In June this year Australia’s bitcoin users were provided with a greater variety of cryptocurrency options with users now able to buy ether, the digital currency which the Ethereum network relies on. As these bitcoin exchanges CoinTree and CoinLoft have rolled out a strategy which focuses on making bitcoin more attractive for the general public, there are more currency options available. For example CoinTree users can now swap bitcoin for popular altcoins such as ether, litecoin and DAO tokens. CoinLoft users that are making deposits can now purchase bitcoin and ether too. This is mainly because the launch of Ethereum’s smart contract technology in Australia has seen it make a large impact in a short period of time.

This move towards the populist use of cryptocurrency is in line with the recent findings of an industry report and industry feedback from a global Blockchain conference.

The Evolution of the Bitcoin Economy: Extracting and Analyzing the Network of Payment Relationships is a joint study from Paolo Tasca of the University College London, Shaowen Liu from Deutsche Bundesbank and Adam S. of University of Wisconsin-Madison and it tracks the bitcoin economy growth. The report has distilled 2850 of super cluster users to highlight who is using bitcoin and what for. It looked into the particular economic purpose of bitcoin and the exchanges between these super users to track crypto trends. It identified three ‘distinguishable regimes that have existed over the lifespan of the Bitcoin economy’.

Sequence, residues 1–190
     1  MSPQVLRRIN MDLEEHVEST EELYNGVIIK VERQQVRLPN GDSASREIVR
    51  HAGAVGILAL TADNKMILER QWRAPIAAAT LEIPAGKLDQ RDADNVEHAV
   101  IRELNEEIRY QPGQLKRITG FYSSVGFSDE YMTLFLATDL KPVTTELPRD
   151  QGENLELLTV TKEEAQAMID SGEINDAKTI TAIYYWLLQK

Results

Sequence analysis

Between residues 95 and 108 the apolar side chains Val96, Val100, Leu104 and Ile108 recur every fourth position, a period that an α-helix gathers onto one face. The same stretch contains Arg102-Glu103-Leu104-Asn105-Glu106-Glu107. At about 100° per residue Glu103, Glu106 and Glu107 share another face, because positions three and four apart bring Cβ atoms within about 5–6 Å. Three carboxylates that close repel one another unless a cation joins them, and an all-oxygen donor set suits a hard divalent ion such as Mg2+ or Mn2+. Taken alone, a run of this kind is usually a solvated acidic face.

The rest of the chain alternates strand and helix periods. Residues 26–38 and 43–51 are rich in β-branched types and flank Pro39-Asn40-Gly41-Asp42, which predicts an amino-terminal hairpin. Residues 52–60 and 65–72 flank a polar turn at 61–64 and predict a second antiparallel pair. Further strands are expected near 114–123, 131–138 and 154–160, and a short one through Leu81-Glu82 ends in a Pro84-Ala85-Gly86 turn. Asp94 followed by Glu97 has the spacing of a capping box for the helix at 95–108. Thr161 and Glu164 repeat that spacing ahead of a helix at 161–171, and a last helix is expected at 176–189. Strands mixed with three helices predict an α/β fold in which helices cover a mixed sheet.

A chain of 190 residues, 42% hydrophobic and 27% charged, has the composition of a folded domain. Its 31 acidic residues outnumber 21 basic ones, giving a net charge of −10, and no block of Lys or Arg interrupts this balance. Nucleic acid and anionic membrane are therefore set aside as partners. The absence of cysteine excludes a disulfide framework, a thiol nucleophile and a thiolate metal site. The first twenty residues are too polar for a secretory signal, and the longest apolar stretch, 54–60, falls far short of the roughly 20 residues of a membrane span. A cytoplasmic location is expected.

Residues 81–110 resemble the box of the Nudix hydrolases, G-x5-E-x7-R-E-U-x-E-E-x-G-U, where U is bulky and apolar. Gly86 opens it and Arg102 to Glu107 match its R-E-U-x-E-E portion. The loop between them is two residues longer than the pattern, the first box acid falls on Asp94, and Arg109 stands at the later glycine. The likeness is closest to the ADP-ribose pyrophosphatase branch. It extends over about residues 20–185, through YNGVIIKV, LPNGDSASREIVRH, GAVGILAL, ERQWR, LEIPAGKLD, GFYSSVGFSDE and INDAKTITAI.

It’s interesting to track these phases and see where we are at now. The first phase they have described as ‘proof-of-concept’ and it was based on ‘mining with little substantive economic activity’. The second phase is courtesy of rapid growth – with early adopters such as gambling services and black markets (think Silk Road) who rely on the unique attributes that a cryptocurrency provides. And the final phase is where these first enterprises are replaced by legitimate merchants that are active with exchanges converting digital currency – the maturation phase. Their summary of the Bitcoin economy is it has grown, matured and has distinct patterns of behaviour amongst influential entities and participants. Criminal activities may have been overstated and these are expected to decrease further as the maturation phase deepens further.

The take up of blockchain and bitcoin will continue to deepen further and possibly more quickly than anyone is realising. In August the Blockchains + Digital Currencies Conference was held in New York and the conference covered a broad range of topics, with particular attention to how important the blockchain is for global banking. Blockchain technology has the ability to ‘speed up the flow of money globally and make business processes more efficient and transparent’ from an official perspective. However from the everyday perspective we were reminded ‘many Millennials are opting out of the traditional banking system’ and don’t even have an interest in a credit card – it’s all about the smartphone.

For these end users the traditional banking process is obsolete. Even with banks trying to catch up in mobile banking, it’s still too slow. This was highlighted by Eileen Lowry Program Director, IBM Blockchain Offerings, who tweeted: 10% of global GDP will be stored in a blockchain by 2027.

The next phase of how Australia reacts to and adopts blockchain technologies and cryptocurrency will certainly be interesting.


Katherine Forrest

Head of Customer Advocacy and Assurance